Good long-term potential, but long gestation for now, is the feeling
Rural retail was supposed to cash in on the prosperity of Bharat, but the storyline hasn’t really gone the way big corporate houses had hoped.
While some have chosen to wind up business, others have preferred to go slow due to a host of reasons.
Such stores offer products like agri-inputs, cattle feed, plastic furniture, FMCG products, automobiles, banking, crop insurance and other agronomical services.
Setting up an organised retail business in rural towns proved to be challenging. Companies have faced problems with regard to infrastructure, distribution, fluctuating rural incomes and stiff competition from local kirana stores, which operate at much lower costs. However, these factors did not deter companies such as DCM Shriram Consolidated Ltd (DSCL), ITC, Godrej and Triveni Engineering from investing in rural retail.
However, recently, Triveni decided to shut its 42 stores after its retail venture incurred losses of about Rs 19 crore in over five years of operations. The company had not expanded the number of outlets for the past two years. DSCL, with 300 retail outlets under the Hariyali Kisaan Bazaar brand, did not expand in 2009-10. It is not looking to increase the number in 2010-11, either. “Over the last four years, we have grown the business 10-fold to around 300 outlets. Having achieved a critical mass, the company in 2010-11 is focusing on consolidation,” said Ajay Shriram, chairman and senior managing director.
The erratic monsoon in the last kharif season had affected farm incomes. However, rural incomes have gone up consistently over recent years, on regular increase in the support price of crops like wheat, paddy and sugarcane. More, farm income is not taxed.
“As rural retail does not have any benchmarks to follow, we have to keep innovating. Like all retail formats, rural retail also had a slowdown and is now looking at focusing on making its individual formats work. With improvement in the market sentiment after a satisfactory rabi season in 2009, we expect the markets to improve,” added Shriram.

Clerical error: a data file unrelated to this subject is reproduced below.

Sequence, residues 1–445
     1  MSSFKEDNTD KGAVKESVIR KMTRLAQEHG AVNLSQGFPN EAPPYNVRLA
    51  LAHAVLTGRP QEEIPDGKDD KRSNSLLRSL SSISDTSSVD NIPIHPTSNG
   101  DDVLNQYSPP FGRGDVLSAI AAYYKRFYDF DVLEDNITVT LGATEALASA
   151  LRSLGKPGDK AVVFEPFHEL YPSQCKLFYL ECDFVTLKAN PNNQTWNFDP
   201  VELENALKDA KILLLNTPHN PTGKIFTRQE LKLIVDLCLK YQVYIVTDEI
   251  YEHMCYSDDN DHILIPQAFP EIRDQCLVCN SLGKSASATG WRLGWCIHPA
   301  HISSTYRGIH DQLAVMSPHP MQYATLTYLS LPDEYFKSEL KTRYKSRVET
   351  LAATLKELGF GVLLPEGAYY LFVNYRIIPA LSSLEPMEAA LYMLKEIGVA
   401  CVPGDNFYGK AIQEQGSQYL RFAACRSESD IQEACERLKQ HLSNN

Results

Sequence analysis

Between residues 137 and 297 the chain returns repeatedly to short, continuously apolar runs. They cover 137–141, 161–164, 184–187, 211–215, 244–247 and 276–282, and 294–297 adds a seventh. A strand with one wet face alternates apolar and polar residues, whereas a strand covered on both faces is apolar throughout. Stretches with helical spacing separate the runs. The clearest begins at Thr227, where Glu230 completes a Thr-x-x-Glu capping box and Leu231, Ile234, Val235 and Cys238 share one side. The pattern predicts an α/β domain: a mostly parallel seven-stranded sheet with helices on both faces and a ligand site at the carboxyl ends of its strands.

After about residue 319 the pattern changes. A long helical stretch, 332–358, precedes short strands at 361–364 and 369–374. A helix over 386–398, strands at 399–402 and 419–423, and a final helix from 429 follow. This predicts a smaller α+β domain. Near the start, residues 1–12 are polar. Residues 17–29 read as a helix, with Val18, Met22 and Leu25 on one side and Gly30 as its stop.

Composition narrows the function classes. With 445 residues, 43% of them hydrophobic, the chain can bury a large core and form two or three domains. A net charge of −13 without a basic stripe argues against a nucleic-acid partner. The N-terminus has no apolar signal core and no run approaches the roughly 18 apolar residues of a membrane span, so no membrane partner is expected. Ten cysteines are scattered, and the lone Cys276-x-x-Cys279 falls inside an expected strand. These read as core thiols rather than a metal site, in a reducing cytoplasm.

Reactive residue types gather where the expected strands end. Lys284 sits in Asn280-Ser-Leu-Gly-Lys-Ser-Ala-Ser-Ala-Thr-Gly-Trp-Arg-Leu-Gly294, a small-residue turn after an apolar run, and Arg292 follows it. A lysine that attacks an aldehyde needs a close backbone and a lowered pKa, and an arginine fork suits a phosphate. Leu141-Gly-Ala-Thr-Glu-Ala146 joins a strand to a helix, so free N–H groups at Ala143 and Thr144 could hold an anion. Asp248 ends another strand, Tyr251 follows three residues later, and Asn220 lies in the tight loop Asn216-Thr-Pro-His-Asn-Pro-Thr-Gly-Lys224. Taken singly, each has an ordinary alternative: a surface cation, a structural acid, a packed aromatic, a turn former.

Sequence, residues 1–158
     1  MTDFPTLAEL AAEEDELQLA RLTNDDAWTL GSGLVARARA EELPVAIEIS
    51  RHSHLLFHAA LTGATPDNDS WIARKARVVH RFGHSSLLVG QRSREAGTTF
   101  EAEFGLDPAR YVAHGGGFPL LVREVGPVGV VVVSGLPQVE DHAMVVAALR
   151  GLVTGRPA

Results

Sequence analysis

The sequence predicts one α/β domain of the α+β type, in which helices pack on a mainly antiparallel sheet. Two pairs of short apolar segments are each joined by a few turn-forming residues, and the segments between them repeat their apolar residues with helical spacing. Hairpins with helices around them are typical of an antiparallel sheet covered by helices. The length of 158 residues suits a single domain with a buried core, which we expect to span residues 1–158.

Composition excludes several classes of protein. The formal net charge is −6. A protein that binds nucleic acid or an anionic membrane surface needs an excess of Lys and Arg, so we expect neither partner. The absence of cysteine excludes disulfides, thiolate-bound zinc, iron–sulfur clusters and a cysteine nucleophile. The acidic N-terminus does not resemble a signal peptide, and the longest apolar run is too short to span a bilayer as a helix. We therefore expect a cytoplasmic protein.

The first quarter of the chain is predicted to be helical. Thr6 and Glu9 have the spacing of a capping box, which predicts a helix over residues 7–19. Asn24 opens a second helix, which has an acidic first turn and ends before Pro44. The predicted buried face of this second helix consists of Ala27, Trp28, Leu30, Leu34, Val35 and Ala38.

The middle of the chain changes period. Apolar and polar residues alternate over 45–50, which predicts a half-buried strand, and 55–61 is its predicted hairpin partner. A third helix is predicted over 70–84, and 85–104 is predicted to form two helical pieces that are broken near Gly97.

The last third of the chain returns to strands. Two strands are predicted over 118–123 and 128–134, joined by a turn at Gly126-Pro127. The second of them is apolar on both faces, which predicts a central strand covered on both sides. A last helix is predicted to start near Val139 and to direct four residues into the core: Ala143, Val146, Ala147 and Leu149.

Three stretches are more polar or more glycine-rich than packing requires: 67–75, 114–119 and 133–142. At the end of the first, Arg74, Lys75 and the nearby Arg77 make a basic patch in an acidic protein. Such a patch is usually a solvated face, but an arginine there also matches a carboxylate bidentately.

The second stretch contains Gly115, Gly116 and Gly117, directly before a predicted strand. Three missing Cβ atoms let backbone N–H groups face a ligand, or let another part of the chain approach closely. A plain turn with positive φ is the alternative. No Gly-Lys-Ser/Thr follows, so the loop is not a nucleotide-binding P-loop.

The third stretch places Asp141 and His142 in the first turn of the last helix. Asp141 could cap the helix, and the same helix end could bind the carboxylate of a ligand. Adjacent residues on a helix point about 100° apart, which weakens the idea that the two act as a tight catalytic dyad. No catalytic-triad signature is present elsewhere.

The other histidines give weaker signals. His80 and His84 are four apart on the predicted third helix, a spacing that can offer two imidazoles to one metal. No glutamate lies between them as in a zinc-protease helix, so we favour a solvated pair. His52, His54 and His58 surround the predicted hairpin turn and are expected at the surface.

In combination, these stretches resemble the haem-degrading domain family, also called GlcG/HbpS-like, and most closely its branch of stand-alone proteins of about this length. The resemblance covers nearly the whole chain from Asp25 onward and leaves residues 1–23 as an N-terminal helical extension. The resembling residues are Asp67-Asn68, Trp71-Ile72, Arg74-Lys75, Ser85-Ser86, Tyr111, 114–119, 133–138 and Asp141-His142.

ITC, which operates 24 large format rural outlets known as Choupal Saagar, has not expanded since 2007, due to a reversal in agri reforms. “ITC’s rural retail business is an integral part of the e-Choupal network. The lack of agriculture reforms and regular restrictions on futures trading in farm commodities since 2007 has prevented us from expanding the Choupal network and, consequently, the retail business has not been expanded. However, the business from existing outlets has been growing well since rural incomes have gone up,” said S Sivakumar, chief executive of ITC’s agri business.
According to a CII-Technopak study on rural retail, the biggest bottleneck towards development in the rural markets is excessive dependence on agriculture and, consequently, on rainfall. There is overall slowdown of GDP growth every time there is poor rainfall. The rural consumer is unique and it requires long painstaking efforts to understand, relate to and be accepted by him. Rural marketing involves more intensive personal selling efforts compared to urban marketing.
The industry, however, is confident of exploiting the potential of rural retail in times to come. “The penetration of organised retail is very low in rural India. Approximately 10,000 out of 6,00,000 villages in India have access to organised retail services. The huge market potential is undisputable. The company is optimistic about the business model. It is a long-gestation business; however, it has high growth opportunities ultimately,” said Shriram.